So excellent that I wasn’t able to pick just one best essay. Nick is going to send six writers copies of the book I did about five days with David (a mixed reward: you win 340 pages of extra reading); but when it came time to pick one writer who’d get a signed edition (doubly mixed; 340 pages plus a messy signature), I couldn’t do it. Instead, I checked in with Nick, and then picked four.
I learned a tremendous amount from these essays: it was like looking at an old steamer trunk, finding the oddest travel stickers stamped on the front and back. Infinite Jest is its own full world; it’s also headed nearly everywhere in ours. I read about the Incandenzas being studied in a London Underground lavatory under terrible digestive pressure; the Enfield Tennis Academy traveling through Norway and Lebanon and Peru; Ennett house being visited in hospital waiting rooms and en route to twelve-step programs, the Office of Unspecified Services getting an inspection in a moving car, one of whose wheels had just rolled away. (“There’s something about the first read having taken place in the early mornings or late afternoons,” this writer explained, “while traveling at high speeds with next to no light.” He has a great, Wallaceian name - Ryan Amfahr Longhorn.) They reminded me of something DFW said, about how really good writing can compel you in a way nearly nothing else can. “That kind of stomach magic of, ‘God damn, it’s fun to read. I’d rather read right now than eat.’”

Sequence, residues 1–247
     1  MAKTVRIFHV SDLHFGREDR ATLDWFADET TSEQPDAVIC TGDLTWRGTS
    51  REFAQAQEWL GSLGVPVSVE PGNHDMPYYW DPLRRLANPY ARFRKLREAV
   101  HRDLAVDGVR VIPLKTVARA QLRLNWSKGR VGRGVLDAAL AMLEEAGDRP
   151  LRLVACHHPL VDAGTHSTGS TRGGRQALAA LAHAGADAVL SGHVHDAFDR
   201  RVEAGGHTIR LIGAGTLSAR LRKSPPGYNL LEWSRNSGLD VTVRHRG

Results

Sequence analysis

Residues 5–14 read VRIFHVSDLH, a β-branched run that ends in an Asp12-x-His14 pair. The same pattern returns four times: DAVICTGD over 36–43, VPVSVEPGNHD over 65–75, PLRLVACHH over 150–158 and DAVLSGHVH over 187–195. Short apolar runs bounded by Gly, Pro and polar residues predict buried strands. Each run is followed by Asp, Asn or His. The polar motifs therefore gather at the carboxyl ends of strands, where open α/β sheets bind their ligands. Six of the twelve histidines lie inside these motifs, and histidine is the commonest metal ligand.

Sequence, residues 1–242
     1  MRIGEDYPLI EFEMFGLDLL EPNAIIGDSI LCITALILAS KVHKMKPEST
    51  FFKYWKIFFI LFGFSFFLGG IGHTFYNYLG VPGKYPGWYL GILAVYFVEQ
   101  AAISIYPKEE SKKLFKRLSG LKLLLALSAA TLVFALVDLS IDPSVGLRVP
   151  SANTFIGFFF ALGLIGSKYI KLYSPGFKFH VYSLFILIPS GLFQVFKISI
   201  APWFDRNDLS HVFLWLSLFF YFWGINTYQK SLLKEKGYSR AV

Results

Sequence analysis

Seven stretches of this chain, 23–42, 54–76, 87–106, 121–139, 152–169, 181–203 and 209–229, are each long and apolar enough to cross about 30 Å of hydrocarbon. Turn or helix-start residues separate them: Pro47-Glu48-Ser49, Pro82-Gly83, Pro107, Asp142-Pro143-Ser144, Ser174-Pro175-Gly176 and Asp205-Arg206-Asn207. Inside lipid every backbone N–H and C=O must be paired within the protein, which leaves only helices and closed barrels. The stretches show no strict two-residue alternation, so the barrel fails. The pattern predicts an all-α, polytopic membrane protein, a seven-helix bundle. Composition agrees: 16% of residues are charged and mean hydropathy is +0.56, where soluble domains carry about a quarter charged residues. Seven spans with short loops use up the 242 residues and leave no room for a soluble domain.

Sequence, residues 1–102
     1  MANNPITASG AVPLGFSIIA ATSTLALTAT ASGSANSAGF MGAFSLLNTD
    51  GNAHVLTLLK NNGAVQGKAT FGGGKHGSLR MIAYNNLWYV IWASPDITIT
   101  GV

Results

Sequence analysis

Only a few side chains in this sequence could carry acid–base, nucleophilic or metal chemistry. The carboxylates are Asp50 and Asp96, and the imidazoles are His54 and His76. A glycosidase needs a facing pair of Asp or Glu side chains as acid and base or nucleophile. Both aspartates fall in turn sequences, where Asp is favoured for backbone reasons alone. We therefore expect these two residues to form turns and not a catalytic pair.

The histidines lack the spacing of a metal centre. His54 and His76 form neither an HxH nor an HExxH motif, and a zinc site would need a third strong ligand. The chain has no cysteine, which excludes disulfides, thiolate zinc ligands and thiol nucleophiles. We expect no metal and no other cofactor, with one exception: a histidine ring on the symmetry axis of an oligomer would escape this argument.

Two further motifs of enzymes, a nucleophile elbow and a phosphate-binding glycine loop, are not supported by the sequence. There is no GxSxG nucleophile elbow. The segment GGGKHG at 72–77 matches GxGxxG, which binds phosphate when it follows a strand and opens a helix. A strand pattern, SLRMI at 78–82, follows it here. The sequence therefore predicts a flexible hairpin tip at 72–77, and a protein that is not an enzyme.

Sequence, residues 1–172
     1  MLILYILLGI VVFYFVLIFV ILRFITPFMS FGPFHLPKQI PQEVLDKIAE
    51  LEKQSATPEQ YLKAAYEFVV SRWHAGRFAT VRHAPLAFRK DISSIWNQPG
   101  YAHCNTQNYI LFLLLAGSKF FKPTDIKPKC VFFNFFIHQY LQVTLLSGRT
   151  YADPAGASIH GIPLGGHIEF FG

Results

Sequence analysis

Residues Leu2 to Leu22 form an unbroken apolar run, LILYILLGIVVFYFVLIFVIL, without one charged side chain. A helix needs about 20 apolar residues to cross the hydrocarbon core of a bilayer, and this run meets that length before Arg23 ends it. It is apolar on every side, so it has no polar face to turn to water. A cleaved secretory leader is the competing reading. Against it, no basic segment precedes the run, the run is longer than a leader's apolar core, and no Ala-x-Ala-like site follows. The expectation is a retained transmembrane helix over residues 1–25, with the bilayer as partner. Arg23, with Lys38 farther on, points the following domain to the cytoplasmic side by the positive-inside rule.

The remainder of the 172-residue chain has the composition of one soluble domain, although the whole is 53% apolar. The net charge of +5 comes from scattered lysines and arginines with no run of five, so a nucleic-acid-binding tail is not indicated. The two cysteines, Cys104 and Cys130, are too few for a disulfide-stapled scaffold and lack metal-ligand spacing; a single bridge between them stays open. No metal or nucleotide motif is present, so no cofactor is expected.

So Tom McCarthy (Lebanon and nearly everywhere), Brooks Williams (hid the novel in a hotel armoire between successive visits), Ryan Longhorn (automobile trouble) and Tyler Jones get the mixed benefit of signed copies. (Tyler Jones wrote a lovely, wrenching essay about the book spelling him at the hospital. “I know that some people read for escapism, a category in which I don’t believe Infinite Jest falls, however I became immersed in the world presented… There was something comforting about an author willing to confront the uncertain in life, the random and tragic.”) Josh W., Liz, Noelia Mendoza, Caetano Galinda, Jan-Erik, Mtte will receive the others. It was a very nice idea, this information swap: Nick and I got to read where people have read DFW’s work, these writers will see the many parts of his world—classrooms, cars, malls, dog-walks—where David discussed it.
I was flattered and thrilled to read all these submissions, and I’d like to thank everyone who participated. None of the entries were anything less than terrific fun to read. Even more, they reminded me of an important thing and warmed me—left me grateful to be part of the community that David Wallace has made.